Censorship is a huge issue in China, as it is in Iran and some other countries, and governments are becoming less and less tolerant to criticism. We have just seen this at Cannes, in the Directors’ Fortnight. This, along with the Critics’ Week, are two important sidebars that run with the main Cannes Film Festival. A “surprise” movie by Chinese helmer Liu Jian was pulled out at the eleventh hour. It was an animation, A Portrait Of The Artist As A Young Man.
Unfortunately, this was to have been the only film from China in any Cannes section this year.
Although it is being felt that the ongoing Covid pandemic in Beijing and Shanghai may have been the reason why the movie could not be included in the Director’s Fortnight, it is also possible that this is a mere excuse.
For, Liu fell foul of Chinese censors in 2017 with his second animated feature, Have A Nice Day. It did premiere at Berlin, and was the first ever work of this kind to have played in Competition. But the work, a black comedy, was taken off France’s Annecy Film Festival reportedly after pressure from Beijing.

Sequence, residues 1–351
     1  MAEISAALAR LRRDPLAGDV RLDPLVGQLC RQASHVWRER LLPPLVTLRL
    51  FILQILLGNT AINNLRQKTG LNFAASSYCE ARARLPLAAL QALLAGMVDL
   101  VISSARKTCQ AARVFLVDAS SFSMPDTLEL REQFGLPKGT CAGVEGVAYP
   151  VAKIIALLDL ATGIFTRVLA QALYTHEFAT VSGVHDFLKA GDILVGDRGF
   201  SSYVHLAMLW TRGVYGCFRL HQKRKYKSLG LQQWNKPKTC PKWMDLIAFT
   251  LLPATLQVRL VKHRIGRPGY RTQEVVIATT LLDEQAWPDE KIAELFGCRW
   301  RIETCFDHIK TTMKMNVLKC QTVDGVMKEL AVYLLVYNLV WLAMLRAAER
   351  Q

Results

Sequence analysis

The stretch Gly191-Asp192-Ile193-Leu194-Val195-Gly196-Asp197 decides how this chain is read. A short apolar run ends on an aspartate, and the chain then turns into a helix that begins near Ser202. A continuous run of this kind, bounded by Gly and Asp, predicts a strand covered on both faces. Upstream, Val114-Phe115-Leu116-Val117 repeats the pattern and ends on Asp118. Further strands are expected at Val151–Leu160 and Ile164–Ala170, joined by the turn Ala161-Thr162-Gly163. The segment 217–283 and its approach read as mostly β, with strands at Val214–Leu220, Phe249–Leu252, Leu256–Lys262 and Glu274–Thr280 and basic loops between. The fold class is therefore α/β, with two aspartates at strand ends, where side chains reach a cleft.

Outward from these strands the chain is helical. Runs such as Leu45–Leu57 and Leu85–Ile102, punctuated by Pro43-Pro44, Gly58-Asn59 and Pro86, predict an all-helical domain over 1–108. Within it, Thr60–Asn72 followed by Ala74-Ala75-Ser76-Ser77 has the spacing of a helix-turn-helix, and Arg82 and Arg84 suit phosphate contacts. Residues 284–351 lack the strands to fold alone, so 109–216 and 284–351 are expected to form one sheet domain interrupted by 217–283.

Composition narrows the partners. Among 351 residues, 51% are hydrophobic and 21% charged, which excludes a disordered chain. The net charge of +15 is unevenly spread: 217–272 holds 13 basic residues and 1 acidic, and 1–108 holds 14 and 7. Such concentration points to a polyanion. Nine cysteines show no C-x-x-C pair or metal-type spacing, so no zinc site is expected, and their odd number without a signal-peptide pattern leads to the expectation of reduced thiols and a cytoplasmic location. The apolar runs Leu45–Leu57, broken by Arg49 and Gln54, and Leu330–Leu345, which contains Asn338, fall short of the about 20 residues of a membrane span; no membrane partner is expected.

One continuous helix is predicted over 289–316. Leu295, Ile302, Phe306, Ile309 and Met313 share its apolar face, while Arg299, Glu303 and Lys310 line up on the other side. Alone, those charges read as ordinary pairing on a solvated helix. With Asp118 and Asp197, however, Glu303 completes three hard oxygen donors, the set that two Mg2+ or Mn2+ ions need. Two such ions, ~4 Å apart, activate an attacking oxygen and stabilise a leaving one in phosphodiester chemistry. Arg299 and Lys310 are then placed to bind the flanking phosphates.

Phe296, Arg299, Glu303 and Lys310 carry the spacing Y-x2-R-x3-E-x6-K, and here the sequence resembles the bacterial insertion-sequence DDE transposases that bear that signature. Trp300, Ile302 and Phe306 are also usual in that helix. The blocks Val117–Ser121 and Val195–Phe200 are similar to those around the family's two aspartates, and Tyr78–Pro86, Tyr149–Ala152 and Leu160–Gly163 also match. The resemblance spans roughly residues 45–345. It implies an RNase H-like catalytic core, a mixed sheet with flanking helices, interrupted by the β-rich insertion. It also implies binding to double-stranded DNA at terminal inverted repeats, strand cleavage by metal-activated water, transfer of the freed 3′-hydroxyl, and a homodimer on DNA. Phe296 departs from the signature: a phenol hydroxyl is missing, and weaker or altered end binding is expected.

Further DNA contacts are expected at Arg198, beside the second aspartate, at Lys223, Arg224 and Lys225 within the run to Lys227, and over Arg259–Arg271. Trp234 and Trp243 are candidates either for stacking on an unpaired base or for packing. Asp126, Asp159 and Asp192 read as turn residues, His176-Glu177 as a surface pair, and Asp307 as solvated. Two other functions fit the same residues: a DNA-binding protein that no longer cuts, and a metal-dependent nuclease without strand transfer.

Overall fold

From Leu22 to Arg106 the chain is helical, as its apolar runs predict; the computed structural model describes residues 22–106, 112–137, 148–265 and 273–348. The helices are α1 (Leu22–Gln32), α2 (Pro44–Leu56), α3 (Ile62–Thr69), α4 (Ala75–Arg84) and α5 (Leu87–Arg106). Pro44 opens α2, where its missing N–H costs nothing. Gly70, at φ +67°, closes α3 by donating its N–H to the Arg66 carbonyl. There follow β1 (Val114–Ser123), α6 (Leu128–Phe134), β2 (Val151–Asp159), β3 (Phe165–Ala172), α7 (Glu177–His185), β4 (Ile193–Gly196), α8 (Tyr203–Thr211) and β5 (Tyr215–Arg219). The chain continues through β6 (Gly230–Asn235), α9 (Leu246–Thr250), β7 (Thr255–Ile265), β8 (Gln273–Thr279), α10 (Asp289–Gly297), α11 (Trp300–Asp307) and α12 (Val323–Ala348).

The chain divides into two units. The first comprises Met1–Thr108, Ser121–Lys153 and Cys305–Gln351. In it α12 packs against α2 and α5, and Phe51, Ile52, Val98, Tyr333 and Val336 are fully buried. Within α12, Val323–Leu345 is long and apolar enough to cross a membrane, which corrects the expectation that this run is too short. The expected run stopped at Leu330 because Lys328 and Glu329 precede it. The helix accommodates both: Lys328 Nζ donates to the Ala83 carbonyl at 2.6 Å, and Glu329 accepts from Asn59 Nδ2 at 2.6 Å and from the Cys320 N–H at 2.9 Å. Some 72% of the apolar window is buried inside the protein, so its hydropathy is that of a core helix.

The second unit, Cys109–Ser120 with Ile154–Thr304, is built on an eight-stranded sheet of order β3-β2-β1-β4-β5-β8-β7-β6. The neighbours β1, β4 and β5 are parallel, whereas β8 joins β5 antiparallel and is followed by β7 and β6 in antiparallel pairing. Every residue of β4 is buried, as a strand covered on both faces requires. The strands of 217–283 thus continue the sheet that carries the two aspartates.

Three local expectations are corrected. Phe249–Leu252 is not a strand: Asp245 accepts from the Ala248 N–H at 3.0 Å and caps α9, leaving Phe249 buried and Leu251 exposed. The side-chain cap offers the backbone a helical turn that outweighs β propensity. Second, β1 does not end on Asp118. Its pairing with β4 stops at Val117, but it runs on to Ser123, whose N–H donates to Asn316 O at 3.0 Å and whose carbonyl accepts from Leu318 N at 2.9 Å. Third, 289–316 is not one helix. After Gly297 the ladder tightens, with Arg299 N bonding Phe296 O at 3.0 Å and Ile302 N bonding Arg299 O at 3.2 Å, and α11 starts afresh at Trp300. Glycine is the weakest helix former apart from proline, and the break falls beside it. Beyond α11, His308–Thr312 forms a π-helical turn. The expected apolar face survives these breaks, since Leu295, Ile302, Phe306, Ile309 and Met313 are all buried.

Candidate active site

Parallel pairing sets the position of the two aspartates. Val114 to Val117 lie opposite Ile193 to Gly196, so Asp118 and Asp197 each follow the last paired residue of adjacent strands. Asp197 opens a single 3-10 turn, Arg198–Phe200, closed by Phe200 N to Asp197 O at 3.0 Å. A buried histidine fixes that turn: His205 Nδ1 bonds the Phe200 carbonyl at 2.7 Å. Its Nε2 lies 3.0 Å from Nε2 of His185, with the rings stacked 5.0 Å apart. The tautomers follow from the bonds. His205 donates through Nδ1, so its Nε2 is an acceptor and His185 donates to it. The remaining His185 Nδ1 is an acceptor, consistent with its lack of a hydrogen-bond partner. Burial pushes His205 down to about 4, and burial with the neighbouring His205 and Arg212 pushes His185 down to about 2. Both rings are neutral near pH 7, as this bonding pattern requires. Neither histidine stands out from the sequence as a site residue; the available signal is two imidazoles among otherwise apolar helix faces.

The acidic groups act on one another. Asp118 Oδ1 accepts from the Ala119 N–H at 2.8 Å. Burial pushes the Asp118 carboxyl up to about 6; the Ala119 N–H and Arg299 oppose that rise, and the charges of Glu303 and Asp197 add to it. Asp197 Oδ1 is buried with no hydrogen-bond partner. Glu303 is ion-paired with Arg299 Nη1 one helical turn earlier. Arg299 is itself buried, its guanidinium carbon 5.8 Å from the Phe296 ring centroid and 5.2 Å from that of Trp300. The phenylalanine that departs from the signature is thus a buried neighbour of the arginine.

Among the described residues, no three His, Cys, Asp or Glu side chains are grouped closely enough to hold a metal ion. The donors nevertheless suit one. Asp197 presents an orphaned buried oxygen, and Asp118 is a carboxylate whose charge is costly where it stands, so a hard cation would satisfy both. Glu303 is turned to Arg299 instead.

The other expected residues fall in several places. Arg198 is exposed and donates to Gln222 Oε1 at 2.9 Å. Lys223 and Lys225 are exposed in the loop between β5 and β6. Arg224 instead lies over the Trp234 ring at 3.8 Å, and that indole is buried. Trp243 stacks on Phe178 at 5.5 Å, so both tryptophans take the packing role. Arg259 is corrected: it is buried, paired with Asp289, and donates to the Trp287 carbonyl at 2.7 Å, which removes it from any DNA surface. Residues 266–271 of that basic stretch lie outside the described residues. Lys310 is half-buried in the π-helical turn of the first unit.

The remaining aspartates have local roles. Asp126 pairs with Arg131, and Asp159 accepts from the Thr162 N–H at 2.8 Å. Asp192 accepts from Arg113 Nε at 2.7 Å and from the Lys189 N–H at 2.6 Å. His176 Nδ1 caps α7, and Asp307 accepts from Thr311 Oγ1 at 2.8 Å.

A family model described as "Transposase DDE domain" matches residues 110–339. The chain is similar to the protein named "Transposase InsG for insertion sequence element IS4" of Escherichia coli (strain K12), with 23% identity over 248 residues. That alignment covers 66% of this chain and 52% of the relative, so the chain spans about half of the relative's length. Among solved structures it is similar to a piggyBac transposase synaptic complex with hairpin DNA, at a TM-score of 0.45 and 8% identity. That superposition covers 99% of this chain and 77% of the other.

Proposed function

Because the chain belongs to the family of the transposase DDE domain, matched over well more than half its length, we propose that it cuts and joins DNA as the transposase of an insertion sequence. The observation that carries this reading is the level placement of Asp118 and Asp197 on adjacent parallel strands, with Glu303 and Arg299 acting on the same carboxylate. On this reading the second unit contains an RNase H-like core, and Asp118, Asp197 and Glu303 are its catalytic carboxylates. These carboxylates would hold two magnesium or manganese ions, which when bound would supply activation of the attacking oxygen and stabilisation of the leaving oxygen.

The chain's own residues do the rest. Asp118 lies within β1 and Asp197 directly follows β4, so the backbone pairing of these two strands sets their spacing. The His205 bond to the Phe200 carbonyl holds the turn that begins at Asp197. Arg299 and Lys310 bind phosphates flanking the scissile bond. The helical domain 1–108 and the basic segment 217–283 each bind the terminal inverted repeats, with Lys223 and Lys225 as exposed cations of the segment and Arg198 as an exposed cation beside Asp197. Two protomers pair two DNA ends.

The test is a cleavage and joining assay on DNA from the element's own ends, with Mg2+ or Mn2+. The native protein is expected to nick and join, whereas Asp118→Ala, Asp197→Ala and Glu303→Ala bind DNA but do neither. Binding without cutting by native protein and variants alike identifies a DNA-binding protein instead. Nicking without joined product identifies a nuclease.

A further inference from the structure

Iran’s Jafar Panahi also had to face such music. Banned from making movies for 20 years, he has been on a defiance drive, discovering inventive methods to step behind the camera. His Taxi, which won the Golden Bear at Berlin a few years ago, was a classic example. He disguised himself as a cabbie and took his cab around the streets of Teheran picking up passengers. He placed a small webcam on the dashboard and recorded his conversations with them. A lovely film emerged out of these.
Art is a restless creature, and cannot be shackled. Once Cannes got a movie from an Iranian director hidden in a pen drive, which in turn was buried in a cake and smuggled into the Festival.
Excitement, there is never any dearth of it at Cannes.